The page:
I have had the special privilege of working some adoption cases. By and large, it is one of the most positive things you can ever experience: the child is overjoyed to have a forever home with someone who loves them; their guardian, having fought fiercely to protect the rights of the child, sees their burden lifted; the adopting couple radiate all the happiness and understandable nervousness of new parents. Judges are smiling; court reporters are smiling; attorneys are smiling extended family are smiling.
There is no opposition or contested hearings — the tears are over; the heavy lifting is done; the numbers crunched and the compromises reached.
It is magical. Truly.
I bring up those feel-good, everyone-wins cases because the compromise transfer legislation reached by the NCAA on Wednesday is the exact opposite of that. Its passage was acrimonious. Its preliminary politicking was filled with hyperbole and rhetoric on both sides. It was largely unsupported by anything outside of a need for a PR win. Going forward, it will breed uncertainty. It still invites malfeasance. And few, outside of the NCAA Working Group, are likely to be happy with the outcome.
In a highly-anticipated move, the NCAA Division I Council adopted a proposal that will allow Division I athletes to transfer freely and receive a scholarship elsewhere without needing to ask their current school for permission.
The new “notification-of-transfer” model, which will go into effect Oct. 15, will allow an athlete to inform their current school of a desire to transfer and requires that school to enter the athlete into a national transfer database within two business days. Once the athlete is in the database, coaches elsewhere are free to contact them.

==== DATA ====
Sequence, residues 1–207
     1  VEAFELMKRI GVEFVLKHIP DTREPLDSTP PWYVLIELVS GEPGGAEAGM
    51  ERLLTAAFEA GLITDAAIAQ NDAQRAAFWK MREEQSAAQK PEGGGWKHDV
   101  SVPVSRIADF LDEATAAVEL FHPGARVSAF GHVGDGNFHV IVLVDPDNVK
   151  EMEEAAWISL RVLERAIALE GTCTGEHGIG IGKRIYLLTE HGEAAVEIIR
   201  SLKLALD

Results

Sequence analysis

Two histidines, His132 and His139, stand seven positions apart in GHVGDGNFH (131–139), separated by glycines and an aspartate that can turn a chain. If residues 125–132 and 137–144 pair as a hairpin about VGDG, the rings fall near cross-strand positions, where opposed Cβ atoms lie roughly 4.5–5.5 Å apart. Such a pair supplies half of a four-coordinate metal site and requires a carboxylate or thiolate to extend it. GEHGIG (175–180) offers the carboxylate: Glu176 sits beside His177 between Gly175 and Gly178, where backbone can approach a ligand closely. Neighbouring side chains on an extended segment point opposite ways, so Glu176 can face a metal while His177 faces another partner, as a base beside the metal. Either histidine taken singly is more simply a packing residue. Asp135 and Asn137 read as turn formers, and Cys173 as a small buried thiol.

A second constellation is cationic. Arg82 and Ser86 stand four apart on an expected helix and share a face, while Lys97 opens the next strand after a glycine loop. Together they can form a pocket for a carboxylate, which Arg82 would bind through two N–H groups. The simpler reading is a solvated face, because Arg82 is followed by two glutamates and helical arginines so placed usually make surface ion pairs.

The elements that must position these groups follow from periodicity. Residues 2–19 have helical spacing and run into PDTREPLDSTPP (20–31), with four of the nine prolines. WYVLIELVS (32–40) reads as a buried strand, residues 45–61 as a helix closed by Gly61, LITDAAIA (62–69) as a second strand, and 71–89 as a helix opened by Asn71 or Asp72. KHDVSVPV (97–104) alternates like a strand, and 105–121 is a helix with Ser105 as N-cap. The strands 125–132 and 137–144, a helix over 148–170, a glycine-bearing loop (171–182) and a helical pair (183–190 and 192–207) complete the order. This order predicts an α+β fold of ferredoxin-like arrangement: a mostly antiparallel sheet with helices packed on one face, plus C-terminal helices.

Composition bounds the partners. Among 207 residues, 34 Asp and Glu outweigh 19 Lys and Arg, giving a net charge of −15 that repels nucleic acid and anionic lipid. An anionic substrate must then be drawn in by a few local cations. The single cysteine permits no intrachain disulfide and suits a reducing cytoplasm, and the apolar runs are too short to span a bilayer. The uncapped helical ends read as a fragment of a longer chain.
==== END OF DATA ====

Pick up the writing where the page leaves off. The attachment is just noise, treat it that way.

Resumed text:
We say “compromise legislation,” because that’s precisely what it is. This was not the sweeping or comprehensive legislation some had hoped to received. Nor is it the status quo many within the profession had argued for.
Coaches may no longer block financial aid (in effect, a transfer) to a player to attend Rival U. But, in return, the coaches received a narrow contact window. And, importantly, the NCAA put a few teeth into its tampering rules, though not nearly the bite that tampering would warrant.
Programs recruiting presently-enrolled student-athletes, may now be held to have committed a Level 2 infraction. Many had argued for stricter regulation, but — again — compromise.
Per the NCAA, a Level 2 infraction is a “significant breach of conduct” (not severe, as in Level 1):
Violations that provide or are intended to provide more than a minimal but less than a substantial or extensive recruiting, competitive or other advantage; includes more than a minimal but less than a substantial or extensive impermissible benefit; or involves conduct that may compromise the integrity of the NCAA collegiate model as set forth in the Constitution and bylaws.
Scrapped were proposals to tie immediate eligibility to a player’s GPA. For all sorts of legal reasons, that proposal died on the vine. So too died the notion of immediate eligibility upon transfer. Instead, in a move that is likely to upset student-athlete partisans and some commentators, the NCAA left in place its one-year ineligibility rule. By retaining the prohibition on immediate eligibility, the effects of the transfer legislation should be mitigated, and it will likely stymy laissez faire transfers that many feared the NCAA was fast-tracking towards.
The NCAA did not address fundamental graduate transfer restrictions; a nice bit of bureaucratic inaction that will leave many unhappy. Nor did the Working Group take up legislation on cancelling a student’s aid after s/he has decided to seek transfer. And that one is likely to have university administrators scrambling to develop financial contingency plans before the new regs take effect on October 15. Both are expected to eventually come up for vote, however.
As we said in Tuesday’s Jumbo Package, when the NCAA took up these series of proposals:
The camps are fiercely divided; even among those who want to see change, no one quite knows how to get there. In the end, everyone will probably walk away disappointed. And that will either be spun as good old fashioned politics or the signs of a broken system.
The funny thing is, for the bluster of the NCAA about how sweeping this rule is, and for the equal bluster about how huge a win it is for student-athletes, it is neither. So, do we have a broken system or good ole‘ fashioned compromise?
One thing is certain, however: no one is walking away from the bargaining table happy. And that just may be for the best.